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Last week, I was visiting one of my favorite clients when I noticed that one of her citrus trees was showing signs of sunburn, which led to me explaining to her that even citrus trees need sunscreen to prevent sunburn in many cases.

You can see the lighter-colored bark and some cracks as well along the branch. It turns out that citrus trees are very susceptible to sunburn.
 
So, why is a sunburned citrus tree something to be worried about?
 
Well, when a tree becomes sunburned, it often forms cracks in the bark and within these cracks, damaging insects or fungus can find a nice home.  Frost damage can also cause cracks in the bark.
 
In recent years, I have had to deliver bad news to people whose citrus trees became infected with sooty canker, which is a fungal disease that affects the branches and trunks, which takes root underneath the cracked, flaky bark.
 
 
Several times, I have had to tell homeowners that their much-loved citrus tree was badly infected with sooty canker and had to be removed.  You can read more about the signs and treatment of sooty canker, here.
 
Thankfully, there are things we can do to reduce or eliminate the chance of sunburn to our citrus trees.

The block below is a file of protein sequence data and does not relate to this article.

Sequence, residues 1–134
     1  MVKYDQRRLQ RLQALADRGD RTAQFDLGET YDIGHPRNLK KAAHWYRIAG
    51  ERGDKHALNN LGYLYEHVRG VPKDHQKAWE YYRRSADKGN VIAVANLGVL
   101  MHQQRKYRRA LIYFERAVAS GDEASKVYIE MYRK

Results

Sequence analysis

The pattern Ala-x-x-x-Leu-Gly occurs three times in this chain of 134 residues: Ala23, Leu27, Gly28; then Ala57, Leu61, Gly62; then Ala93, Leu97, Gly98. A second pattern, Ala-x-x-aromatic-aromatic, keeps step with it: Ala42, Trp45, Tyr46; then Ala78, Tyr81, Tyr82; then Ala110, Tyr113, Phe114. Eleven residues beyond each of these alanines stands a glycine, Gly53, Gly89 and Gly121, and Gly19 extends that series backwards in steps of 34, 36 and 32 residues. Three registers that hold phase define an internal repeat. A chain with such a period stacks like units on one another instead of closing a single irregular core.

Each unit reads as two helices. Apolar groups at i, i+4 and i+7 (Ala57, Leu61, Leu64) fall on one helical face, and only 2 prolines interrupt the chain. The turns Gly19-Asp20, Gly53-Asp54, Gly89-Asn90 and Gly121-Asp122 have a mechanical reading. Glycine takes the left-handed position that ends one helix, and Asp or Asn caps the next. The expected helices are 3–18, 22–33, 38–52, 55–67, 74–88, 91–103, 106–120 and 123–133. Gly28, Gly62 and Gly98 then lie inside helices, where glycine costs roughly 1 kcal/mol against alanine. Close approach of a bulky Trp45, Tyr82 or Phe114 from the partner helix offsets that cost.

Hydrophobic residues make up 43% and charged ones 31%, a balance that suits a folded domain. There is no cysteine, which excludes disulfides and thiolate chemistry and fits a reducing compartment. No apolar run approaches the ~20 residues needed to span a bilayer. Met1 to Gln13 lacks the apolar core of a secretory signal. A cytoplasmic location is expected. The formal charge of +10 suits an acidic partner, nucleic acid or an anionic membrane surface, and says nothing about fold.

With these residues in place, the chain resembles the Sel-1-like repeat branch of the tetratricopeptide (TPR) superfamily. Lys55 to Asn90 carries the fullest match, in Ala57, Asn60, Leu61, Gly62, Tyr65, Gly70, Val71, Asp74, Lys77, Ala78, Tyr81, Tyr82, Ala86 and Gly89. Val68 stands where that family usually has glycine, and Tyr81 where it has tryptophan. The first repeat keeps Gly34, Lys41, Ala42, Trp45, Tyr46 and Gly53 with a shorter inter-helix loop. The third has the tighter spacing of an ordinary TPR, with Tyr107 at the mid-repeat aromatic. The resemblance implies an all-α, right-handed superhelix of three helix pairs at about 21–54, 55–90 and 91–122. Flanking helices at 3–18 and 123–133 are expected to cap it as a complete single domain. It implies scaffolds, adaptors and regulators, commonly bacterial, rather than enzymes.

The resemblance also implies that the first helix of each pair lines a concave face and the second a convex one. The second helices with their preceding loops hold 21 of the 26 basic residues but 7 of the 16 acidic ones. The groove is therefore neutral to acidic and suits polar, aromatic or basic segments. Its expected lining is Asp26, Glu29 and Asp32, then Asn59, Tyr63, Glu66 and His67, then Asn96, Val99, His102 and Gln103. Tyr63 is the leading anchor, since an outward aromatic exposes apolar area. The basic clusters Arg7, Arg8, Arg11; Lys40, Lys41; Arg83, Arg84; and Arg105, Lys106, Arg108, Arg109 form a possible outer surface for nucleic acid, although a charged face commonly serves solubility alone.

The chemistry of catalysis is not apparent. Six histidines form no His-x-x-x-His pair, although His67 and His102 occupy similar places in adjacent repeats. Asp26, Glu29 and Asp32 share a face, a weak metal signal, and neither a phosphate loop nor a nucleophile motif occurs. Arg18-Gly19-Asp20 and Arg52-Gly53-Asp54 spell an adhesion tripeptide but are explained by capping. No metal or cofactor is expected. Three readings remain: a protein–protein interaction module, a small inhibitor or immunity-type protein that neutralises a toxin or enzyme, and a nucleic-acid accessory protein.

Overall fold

1. Allow citrus trees to grow their lower branches. They will help to shade the trunk.  A bonus for citrus trees grown this way is that the most fruit is produced on the lower branches that also tastes sweeter.
 
 
2. Protect exposed trunks and branches by using citrus paint (available at your local nursery) or by simply mixing white latex paint water so that the resulting mixture is 1/2 paint and 1/2 water. You can also purchase tree wraps made from burlap, which can also help to protect them. Avoid using oil-based paint. 
However, if you allow the lower branches of your citrus tree to grow and the trunk is shaded, than you don’t have to paint them. 
3. Don’t over-prune your citrus trees.  The photo above, is an EXTREME example of what not to do.
 
Citrus trees should be pruned in March, and concentrated on removing dead, diseased or crossing branches.  Avoid pruning more then 20% of its foliage in any given year.  *Remember, that the leaves make food for the tree, which will in turn, produce delicious fruit. If pruning leaves you with exposed branches, then coat them with citrus paint.
**See how to protect citrus from the damaging effects of a heat wave – here.
 
I always wear sunscreen whenever I venture outdoors.  Years spent in California at the beach as a teenager, trying to tan my fair skin did not work.  Now, I try very hard to protect my skin from the desert sun.  I do however, often forget to wear my hat as it does mess up my hair 😉
 
So, do your citrus tree a favor and make sure it is protected from the sun – either by its branches or by ‘sunscreen’.